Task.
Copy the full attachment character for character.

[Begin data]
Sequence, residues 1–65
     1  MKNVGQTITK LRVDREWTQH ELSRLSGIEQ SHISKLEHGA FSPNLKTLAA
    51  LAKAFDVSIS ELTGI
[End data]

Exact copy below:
Sequence, residues 1–65
     1  MKNVGQTITK LRVDREWTQH ELSRLSGIEQ SHISKLEHGA FSPNLKTLAA
    51  LAKAFDVSIS ELTGI